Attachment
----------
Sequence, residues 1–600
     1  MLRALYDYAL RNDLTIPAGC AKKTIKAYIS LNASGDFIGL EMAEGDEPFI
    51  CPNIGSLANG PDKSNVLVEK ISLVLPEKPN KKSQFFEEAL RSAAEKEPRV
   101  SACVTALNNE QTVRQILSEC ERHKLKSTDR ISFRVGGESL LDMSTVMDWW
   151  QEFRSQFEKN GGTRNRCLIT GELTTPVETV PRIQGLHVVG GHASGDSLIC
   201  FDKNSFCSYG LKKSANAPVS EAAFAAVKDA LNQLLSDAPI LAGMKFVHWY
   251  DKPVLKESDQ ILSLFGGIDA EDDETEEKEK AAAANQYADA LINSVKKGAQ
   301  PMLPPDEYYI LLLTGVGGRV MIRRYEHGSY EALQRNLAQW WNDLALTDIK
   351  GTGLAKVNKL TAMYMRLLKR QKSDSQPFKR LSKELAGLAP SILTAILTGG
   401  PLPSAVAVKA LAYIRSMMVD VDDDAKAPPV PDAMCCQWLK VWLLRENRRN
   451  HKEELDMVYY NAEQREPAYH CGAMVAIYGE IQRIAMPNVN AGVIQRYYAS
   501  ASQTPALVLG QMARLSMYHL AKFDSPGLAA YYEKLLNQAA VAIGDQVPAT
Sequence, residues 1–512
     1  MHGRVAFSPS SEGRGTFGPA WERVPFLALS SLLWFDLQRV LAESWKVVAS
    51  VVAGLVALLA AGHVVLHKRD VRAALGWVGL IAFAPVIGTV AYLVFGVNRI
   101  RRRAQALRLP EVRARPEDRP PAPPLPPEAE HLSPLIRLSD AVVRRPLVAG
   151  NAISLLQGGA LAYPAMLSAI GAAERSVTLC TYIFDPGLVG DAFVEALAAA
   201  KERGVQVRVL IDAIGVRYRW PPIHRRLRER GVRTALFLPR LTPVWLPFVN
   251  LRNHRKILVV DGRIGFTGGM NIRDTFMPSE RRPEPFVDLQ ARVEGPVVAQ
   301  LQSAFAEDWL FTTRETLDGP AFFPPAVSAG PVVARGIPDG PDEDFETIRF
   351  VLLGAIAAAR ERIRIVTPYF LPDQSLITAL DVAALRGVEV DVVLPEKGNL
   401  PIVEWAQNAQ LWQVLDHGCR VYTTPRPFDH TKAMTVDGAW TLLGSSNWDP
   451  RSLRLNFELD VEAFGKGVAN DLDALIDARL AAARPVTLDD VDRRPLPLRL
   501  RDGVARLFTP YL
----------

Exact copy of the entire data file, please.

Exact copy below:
Sequence, residues 1–600
     1  MLRALYDYAL RNDLTIPAGC AKKTIKAYIS LNASGDFIGL EMAEGDEPFI
    51  CPNIGSLANG PDKSNVLVEK ISLVLPEKPN KKSQFFEEAL RSAAEKEPRV
   101  SACVTALNNE QTVRQILSEC ERHKLKSTDR ISFRVGGESL LDMSTVMDWW
   151  QEFRSQFEKN GGTRNRCLIT GELTTPVETV PRIQGLHVVG GHASGDSLIC
   201  FDKNSFCSYG LKKSANAPVS EAAFAAVKDA LNQLLSDAPI LAGMKFVHWY
   251  DKPVLKESDQ ILSLFGGIDA EDDETEEKEK AAAANQYADA LINSVKKGAQ
   301  PMLPPDEYYI LLLTGVGGRV MIRRYEHGSY EALQRNLAQW WNDLALTDIK
   351  GTGLAKVNKL TAMYMRLLKR QKSDSQPFKR LSKELAGLAP SILTAILTGG
   401  PLPSAVAVKA LAYIRSMMVD VDDDAKAPPV PDAMCCQWLK VWLLRENRRN
   451  HKEELDMVYY NAEQREPAYH CGAMVAIYGE IQRIAMPNVN AGVIQRYYAS
   501  ASQTPALVLG QMARLSMYHL AKFDSPGLAA YYEKLLNQAA VAIGDQVPAT
Sequence, residues 1–512
     1  MHGRVAFSPS SEGRGTFGPA WERVPFLALS SLLWFDLQRV LAESWKVVAS
    51  VVAGLVALLA AGHVVLHKRD VRAALGWVGL IAFAPVIGTV AYLVFGVNRI
   101  RRRAQALRLP EVRARPEDRP PAPPLPPEAE HLSPLIRLSD AVVRRPLVAG
   151  NAISLLQGGA LAYPAMLSAI GAAERSVTLC TYIFDPGLVG DAFVEALAAA
   201  KERGVQVRVL IDAIGVRYRW PPIHRRLRER GVRTALFLPR LTPVWLPFVN
   251  LRNHRKILVV DGRIGFTGGM NIRDTFMPSE RRPEPFVDLQ ARVEGPVVAQ
   301  LQSAFAEDWL FTTRETLDGP AFFPPAVSAG PVVARGIPDG PDEDFETIRF
   351  VLLGAIAAAR ERIRIVTPYF LPDQSLITAL DVAALRGVEV DVVLPEKGNL
   401  PIVEWAQNAQ LWQVLDHGCR VYTTPRPFDH TKAMTVDGAW TLLGSSNWDP
   451  RSLRLNFELD VEAFGKGVAN DLDALIDARL AAARPVTLDD VDRRPLPLRL
   501  RDGVARLFTP YL